The Morning Fix: Oprah wants big bucks for final episode. Charlie Sheen feels shortchanged. Biden talks tough on piracy.
After the coffee. Before figuring out why emails from five years ago are suddenly reappearing in my Yahoo account.
The Skinny: In our midweek edition: Would you pay $1 million to advertise in Oprah Winfrey's last show? Someone might. Vice President Joe Biden said Hollywood needs to do a better job making the case against piracy. Katie Couric is now being wooed by ABC. Charlie Sheen feels cheated. On a side note, sometimes people get upset because of the shots I take at stories. Think of it as being screamed at by Susie Essman of "Curb Your Enthusiasm." Who wouldn't want that?
Do advertisers get to jump on the couch too? Commercials on the last episode of Oprah Winfrey's daytime talk show could go for as much as $1 million. That would be a record for a daytime TV show (not including sports). More from Bloomberg.
Biden talks tough. Vice President Joe Biden is angry at the amount of piracy plaguing Hollywood, telling Variety that "people are out there blatantly stealing from Americans -- stealing their ideas and robbing us of America's creative energies." At the same time, though, he also said Hollywood needs to do a better job making clear to people why piracy is bad. Said Biden: "They should be able to come up with an intelligent, original and effective public education campaign targeting this issue. To be honest, I am not certain they have dedicated the appropriate resources to this, and I hope they will."
Sneak peak at Bergstein brouhaha. Film financier David Bergstein's finances, a subject of much speculation, were briefly exposed by a bankruptcy court before he got the records sealed again. "This long-awaited report validates, in shocking detail, the long list of misdeeds alleged by creditors and known by so many others for so long," David Molner, chief executive of lead creditor Aramid Capital, told the Los Angeles Times.
ABC in Katie game. ABC is emerging as a candidate for Katie Couric's daytime talk show. While she has been mostly negotiating with syndicators, ABC is interested in making her part of the network's daytime lineup, according to Variety. The downside is a successful synidcated show can mean more money, but the upside is that being on a network means a more consistent lineup of TV stations, which could translate to better ratings. More from Variety.
Women flee their base. Women are abandoning some of the cable networks that cater to them in favor of channels that focus more on reality shows. The New York Post crunched some ratings for the first quarter of the year and noted that Lifetime, HGTV and Hallmark channel have all seen their female viewership decline sharply, while MTV, home of "Jersey Shore" and "16 and Pregnant" had growth. Brad Adgate, an advertising executive told the Post that "women just want to be entertained. They're balancing careers and motherhood and sometimes don't want to do a lot of thinking -- this is just a moment to themselves." I think that line about not wanting to do a lot of thinking may come back to bite him.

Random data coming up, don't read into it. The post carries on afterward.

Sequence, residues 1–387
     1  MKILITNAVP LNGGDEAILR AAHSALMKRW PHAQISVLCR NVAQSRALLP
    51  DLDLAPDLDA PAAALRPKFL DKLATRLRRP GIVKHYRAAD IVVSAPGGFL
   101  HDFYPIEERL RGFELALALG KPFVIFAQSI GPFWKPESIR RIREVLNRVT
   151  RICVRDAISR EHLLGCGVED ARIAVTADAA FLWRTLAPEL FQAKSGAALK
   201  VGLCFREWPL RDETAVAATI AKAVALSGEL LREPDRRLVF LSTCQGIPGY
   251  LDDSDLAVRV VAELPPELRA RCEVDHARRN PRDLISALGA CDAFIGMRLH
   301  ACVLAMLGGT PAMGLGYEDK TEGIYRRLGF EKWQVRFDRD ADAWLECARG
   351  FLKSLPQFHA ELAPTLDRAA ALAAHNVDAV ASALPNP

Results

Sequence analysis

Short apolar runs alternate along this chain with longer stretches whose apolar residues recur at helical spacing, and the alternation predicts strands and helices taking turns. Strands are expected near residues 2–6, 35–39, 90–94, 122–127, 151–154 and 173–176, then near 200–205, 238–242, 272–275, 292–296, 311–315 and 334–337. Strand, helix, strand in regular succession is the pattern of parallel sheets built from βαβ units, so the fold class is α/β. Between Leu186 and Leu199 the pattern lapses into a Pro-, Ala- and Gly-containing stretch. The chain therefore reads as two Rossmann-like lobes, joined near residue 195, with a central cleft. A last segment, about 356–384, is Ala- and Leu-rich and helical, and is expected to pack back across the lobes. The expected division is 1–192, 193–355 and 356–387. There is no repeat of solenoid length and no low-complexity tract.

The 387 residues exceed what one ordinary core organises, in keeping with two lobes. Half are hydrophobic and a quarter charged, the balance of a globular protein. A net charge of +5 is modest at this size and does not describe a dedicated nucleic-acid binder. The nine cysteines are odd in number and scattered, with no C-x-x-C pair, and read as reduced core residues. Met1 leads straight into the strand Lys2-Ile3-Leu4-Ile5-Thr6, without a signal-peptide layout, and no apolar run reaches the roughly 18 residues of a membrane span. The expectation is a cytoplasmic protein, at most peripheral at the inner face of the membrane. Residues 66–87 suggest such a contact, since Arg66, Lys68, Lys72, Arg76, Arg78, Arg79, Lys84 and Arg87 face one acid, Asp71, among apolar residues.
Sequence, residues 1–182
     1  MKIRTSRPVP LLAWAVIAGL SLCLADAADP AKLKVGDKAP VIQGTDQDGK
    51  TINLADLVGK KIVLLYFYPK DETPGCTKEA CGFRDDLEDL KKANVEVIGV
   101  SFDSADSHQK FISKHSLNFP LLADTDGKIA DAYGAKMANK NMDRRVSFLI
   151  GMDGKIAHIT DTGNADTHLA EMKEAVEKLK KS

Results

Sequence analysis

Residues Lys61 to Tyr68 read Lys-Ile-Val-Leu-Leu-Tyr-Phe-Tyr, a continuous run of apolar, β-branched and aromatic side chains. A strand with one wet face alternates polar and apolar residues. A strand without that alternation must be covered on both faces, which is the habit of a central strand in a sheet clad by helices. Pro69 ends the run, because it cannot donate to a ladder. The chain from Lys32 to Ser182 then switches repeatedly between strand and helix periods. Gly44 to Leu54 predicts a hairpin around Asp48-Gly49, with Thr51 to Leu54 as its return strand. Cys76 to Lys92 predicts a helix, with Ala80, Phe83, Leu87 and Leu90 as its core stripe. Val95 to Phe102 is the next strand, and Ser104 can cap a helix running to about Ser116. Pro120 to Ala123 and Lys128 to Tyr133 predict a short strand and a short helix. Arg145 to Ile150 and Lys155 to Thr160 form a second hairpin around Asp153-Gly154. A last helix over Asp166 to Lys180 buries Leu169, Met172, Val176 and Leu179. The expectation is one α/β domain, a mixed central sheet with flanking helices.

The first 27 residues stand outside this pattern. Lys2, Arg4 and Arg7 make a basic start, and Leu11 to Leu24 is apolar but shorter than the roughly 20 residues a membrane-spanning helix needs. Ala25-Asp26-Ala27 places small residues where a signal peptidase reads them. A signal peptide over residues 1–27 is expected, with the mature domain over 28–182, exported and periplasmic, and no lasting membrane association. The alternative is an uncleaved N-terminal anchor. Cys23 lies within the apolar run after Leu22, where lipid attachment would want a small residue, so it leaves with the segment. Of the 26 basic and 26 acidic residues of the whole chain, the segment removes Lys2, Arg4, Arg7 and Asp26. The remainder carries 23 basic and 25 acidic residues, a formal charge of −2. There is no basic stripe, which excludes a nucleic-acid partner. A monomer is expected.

Univision to go cable. Spanish-language powerhouse Univision has plans for at least two cable channels, including one that would be a home for its popular telenovelas. Other formats in the works include a sports channel and a news channel. Both News Corp. and NBC Universal, which owns Telemundo, are also making a more aggressive push to woo Spanish-speaking viewers. "I think every media executive in the U.S. wakes up in the morning and sees two big opportunities to grow: one is online and the other one is Hispanic," Univision Chief Operating Officer Randy Falco told the Wall Street Journal.
Charlie Sheen says he's being shortchanged. In a radio interview in Boston, Charlie Sheen said he is not getting his fair share of rerun money from "Two and a Half Men," the show he was fired from earlier this year. Sheen also said he'd have changed his behavior (womanizing, drugs, etc.) if he'd been told earlier by his bosses it was a problem. This reminds me of the Seinfeld episode where George, after being caught, tells his boss, "I tell you I gotta plead ignorance on this thing because if anyone had said anything to me at all when I first started here that that sort of thing was frowned upon, you know, 'cause I've worked in a lot of offices and I tell you people do that all the time." Sheen also said there have been some chats about him returning to the show. More on the interview from the Hollywood Reporter.
Inside the Los Angeles Times: Congress is making a push for more online privacy.
-- Joe Flint
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